This article is part of a research project on part-time work funded by an ARC Discovery award. We are grateful to Hiau Joo Kee and Margi Wood for processing the data and to the anonymous referees for their useful suggestions. We presented an early version in December 2006 at the UK Department of Trade and Industry Conference on New Perspectives on Job Satisfaction and Wellbeing, and we thank participants for their comments.
Job Satisfaction and Family Happiness: The Part-Time Work Puzzle*
Article first published online: 17 JAN 2008
The Economic Journal
Volume 118, Issue 526, pages F77–F99, February 2008
How to Cite
Booth, A. L. and Van Ours, J. C. (2008), Job Satisfaction and Family Happiness: The Part-Time Work Puzzle. The Economic Journal, 118: F77–F99. doi: 10.1111/j.1468-0297.2007.02117.x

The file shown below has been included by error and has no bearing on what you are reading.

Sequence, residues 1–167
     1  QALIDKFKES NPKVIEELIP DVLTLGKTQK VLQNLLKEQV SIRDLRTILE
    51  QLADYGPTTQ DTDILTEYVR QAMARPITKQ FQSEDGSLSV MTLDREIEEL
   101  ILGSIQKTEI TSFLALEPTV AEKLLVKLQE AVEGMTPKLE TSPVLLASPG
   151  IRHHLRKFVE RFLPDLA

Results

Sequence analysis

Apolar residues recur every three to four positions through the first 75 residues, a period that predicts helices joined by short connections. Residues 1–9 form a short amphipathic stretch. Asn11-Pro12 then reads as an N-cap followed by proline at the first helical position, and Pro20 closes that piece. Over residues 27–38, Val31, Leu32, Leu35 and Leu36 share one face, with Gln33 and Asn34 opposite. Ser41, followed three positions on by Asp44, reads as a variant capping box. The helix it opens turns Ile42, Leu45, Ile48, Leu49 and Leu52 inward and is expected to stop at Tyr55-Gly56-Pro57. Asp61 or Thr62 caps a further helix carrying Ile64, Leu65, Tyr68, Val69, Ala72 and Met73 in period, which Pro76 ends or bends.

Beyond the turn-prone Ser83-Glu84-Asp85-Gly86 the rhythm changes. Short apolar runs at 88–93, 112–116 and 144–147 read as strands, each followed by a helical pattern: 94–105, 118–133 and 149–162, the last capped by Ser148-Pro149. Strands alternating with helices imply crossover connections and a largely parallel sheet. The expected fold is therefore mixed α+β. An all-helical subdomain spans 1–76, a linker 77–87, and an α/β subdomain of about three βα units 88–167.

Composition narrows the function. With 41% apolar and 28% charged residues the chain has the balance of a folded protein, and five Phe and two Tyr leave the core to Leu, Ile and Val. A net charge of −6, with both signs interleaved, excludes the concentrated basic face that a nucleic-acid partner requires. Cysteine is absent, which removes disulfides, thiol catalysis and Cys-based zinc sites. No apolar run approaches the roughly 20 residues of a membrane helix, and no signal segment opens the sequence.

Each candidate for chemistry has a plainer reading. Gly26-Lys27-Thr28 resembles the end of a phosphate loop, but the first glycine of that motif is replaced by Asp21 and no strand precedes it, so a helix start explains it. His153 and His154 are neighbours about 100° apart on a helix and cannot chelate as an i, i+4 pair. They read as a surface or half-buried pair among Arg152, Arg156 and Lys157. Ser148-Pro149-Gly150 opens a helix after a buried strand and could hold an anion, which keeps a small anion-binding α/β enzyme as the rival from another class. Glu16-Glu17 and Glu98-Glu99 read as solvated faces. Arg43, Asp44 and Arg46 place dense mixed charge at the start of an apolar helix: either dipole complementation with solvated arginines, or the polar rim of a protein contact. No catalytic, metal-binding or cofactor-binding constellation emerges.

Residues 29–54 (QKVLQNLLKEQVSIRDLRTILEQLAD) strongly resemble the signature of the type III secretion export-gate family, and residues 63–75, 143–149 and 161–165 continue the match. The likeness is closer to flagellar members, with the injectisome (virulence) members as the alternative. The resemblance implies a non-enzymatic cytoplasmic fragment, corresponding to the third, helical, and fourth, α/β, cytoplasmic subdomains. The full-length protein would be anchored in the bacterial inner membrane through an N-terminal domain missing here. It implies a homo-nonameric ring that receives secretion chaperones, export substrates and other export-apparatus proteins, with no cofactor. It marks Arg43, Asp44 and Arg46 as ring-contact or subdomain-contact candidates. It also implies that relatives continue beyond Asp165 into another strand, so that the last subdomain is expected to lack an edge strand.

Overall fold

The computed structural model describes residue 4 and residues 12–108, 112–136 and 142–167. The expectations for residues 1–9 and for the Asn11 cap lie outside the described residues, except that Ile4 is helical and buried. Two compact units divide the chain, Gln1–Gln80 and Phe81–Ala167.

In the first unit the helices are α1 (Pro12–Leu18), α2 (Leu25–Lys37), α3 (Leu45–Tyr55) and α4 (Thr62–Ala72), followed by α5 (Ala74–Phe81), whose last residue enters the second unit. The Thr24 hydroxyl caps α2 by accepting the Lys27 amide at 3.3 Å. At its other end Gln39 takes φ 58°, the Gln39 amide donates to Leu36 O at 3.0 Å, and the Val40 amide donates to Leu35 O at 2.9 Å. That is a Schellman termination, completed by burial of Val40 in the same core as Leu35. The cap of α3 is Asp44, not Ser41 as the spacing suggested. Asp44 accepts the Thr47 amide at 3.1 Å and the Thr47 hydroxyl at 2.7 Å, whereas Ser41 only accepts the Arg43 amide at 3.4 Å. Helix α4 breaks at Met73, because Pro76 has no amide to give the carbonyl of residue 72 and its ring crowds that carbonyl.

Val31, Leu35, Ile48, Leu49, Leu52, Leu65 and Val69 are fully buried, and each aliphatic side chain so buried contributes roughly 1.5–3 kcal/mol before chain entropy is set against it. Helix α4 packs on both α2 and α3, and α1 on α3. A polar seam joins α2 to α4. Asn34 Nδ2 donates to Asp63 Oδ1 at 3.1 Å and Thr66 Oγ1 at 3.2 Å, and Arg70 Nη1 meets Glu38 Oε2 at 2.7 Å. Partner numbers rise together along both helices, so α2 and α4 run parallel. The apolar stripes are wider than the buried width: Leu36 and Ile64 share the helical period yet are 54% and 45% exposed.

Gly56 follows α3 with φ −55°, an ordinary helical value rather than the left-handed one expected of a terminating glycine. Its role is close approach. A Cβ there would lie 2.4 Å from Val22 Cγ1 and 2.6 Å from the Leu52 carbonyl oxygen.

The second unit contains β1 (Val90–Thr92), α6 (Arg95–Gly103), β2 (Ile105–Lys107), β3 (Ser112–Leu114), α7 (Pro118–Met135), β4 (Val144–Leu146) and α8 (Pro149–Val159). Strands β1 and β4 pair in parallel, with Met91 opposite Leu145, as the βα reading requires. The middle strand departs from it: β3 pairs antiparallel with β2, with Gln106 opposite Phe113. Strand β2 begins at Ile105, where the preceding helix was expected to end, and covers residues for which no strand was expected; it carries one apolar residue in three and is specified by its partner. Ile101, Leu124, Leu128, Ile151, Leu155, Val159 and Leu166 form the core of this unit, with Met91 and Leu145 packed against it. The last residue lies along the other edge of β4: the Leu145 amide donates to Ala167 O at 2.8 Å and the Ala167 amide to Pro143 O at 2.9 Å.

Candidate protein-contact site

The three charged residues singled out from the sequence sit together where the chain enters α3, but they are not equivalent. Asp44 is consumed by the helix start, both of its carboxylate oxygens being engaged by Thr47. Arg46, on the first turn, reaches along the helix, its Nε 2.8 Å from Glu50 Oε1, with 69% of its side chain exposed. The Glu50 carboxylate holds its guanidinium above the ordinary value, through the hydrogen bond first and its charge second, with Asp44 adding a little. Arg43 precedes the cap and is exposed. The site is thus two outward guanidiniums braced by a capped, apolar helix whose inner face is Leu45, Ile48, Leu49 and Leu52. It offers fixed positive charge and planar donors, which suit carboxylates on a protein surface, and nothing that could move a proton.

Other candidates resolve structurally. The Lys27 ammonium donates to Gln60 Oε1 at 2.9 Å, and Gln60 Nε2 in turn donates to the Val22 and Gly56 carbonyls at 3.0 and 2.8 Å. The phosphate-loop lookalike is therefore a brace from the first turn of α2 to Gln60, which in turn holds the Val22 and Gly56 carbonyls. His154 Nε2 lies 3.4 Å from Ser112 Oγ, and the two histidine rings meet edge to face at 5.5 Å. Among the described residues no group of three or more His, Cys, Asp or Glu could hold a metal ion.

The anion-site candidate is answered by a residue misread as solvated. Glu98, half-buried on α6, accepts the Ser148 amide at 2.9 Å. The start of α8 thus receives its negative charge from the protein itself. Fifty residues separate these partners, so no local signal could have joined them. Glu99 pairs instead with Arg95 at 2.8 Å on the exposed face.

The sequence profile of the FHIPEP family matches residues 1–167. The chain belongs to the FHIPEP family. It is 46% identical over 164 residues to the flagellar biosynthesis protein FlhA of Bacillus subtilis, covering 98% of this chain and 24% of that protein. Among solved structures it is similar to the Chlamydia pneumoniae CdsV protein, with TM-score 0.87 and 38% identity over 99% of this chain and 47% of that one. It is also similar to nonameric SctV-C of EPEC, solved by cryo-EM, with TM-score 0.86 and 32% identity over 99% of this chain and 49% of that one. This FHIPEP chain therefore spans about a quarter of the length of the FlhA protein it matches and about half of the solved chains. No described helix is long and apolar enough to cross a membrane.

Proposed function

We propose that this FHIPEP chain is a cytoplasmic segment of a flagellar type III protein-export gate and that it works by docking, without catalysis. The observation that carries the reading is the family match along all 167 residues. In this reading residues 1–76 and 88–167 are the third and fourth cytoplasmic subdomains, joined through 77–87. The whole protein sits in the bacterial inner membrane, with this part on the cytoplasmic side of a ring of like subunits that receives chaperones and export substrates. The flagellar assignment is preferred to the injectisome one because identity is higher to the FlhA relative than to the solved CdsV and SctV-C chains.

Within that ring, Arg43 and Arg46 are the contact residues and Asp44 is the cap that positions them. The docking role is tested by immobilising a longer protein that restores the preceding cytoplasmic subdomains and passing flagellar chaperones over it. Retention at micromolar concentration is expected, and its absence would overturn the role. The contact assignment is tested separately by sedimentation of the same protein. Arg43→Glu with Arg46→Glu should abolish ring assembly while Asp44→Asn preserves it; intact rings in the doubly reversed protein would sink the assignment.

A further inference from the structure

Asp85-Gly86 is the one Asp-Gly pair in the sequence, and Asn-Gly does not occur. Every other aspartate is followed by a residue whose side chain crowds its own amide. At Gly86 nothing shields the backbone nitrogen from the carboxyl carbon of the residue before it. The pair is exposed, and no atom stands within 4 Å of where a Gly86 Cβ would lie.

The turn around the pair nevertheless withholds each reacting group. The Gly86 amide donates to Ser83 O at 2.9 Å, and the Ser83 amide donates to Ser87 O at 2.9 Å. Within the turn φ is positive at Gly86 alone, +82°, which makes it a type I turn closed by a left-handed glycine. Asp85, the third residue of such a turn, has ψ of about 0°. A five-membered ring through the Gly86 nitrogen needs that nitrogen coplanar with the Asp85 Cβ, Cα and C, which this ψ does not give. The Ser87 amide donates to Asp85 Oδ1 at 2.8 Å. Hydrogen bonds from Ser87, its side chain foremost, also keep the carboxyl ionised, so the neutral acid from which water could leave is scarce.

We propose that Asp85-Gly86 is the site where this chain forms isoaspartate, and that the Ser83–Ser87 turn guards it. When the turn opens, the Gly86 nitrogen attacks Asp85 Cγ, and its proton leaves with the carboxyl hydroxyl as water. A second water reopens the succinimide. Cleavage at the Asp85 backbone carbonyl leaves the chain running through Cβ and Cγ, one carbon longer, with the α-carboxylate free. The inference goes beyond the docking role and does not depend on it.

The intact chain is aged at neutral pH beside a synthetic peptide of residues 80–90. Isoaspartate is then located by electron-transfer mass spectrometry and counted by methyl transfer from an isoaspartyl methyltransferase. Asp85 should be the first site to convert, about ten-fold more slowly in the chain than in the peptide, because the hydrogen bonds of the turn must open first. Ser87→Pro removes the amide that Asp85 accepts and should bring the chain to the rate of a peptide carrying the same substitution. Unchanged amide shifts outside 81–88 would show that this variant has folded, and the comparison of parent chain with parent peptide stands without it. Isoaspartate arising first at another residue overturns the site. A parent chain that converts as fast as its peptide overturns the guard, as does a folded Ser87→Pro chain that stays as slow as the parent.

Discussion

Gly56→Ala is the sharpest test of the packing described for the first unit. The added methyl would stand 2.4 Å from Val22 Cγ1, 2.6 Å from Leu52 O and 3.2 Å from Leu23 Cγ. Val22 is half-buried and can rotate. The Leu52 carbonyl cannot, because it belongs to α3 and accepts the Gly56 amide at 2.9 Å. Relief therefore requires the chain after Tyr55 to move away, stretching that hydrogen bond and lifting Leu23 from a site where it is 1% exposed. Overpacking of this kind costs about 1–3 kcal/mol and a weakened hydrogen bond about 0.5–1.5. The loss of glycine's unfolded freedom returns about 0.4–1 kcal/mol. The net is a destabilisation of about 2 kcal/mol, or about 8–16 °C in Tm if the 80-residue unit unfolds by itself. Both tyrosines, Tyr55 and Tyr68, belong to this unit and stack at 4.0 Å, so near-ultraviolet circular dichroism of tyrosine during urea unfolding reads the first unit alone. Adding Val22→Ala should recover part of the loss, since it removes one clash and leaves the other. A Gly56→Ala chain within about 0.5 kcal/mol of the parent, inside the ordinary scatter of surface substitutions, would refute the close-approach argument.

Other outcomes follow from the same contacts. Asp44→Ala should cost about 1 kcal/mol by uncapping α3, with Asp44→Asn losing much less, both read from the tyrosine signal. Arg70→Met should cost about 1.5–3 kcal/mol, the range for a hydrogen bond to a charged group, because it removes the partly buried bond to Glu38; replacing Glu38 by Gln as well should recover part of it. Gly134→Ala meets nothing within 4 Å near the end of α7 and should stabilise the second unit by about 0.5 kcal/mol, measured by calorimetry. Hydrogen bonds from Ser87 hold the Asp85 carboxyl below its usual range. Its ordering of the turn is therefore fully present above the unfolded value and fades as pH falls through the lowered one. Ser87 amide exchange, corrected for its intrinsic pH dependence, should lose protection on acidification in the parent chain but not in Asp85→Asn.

- Issue published online: 17 JAN 2008
- Article first published online: 17 JAN 2008
We investigate the relationship between part-time work and working hours satisfaction, job satisfaction and life satisfaction. We account for interdependence within the family using data on partnered men and women from the British Household Panel Survey. Men have the highest hours-of-work satisfaction if they work full-time without overtime hours but neither their job satisfaction nor their life satisfaction are affected by how many hours they work. Women present a puzzle. Hours satisfaction and job satisfaction indicate that women prefer part-time jobs irrespective of whether these are small or large but their life satisfaction is virtually unaffected by hours of work.